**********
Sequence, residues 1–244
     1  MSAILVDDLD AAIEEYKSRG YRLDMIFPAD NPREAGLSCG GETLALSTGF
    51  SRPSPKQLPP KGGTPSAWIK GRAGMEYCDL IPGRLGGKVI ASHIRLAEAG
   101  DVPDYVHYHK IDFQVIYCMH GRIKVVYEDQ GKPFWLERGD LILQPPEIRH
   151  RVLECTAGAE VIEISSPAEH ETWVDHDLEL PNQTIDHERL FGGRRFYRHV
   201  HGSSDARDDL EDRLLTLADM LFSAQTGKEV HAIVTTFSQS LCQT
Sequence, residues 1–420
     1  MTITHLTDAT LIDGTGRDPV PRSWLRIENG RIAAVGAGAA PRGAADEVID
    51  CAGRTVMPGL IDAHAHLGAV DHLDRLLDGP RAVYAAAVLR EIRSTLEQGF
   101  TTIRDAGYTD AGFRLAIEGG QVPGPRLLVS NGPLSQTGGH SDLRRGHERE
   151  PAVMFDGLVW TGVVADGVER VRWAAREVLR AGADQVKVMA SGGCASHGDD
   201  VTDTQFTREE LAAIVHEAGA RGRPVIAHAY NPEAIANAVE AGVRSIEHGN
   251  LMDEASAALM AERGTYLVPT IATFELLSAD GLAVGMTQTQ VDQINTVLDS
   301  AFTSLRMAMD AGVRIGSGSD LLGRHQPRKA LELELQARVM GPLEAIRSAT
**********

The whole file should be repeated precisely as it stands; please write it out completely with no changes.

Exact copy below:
Sequence, residues 1–244
     1  MSAILVDDLD AAIEEYKSRG YRLDMIFPAD NPREAGLSCG GETLALSTGF
    51  SRPSPKQLPP KGGTPSAWIK GRAGMEYCDL IPGRLGGKVI ASHIRLAEAG
   101  DVPDYVHYHK IDFQVIYCMH GRIKVVYEDQ GKPFWLERGD LILQPPEIRH
   151  RVLECTAGAE VIEISSPAEH ETWVDHDLEL PNQTIDHERL FGGRRFYRHV
   201  HGSSDARDDL EDRLLTLADM LFSAQTGKEV HAIVTTFSQS LCQT
Sequence, residues 1–420
     1  MTITHLTDAT LIDGTGRDPV PRSWLRIENG RIAAVGAGAA PRGAADEVID
    51  CAGRTVMPGL IDAHAHLGAV DHLDRLLDGP RAVYAAAVLR EIRSTLEQGF
   101  TTIRDAGYTD AGFRLAIEGG QVPGPRLLVS NGPLSQTGGH SDLRRGHERE
   151  PAVMFDGLVW TGVVADGVER VRWAAREVLR AGADQVKVMA SGGCASHGDD
   201  VTDTQFTREE LAAIVHEAGA RGRPVIAHAY NPEAIANAVE AGVRSIEHGN
   251  LMDEASAALM AERGTYLVPT IATFELLSAD GLAVGMTQTQ VDQINTVLDS
   301  AFTSLRMAMD AGVRIGSGSD LLGRHQPRKA LELELQARVM GPLEAIRSAT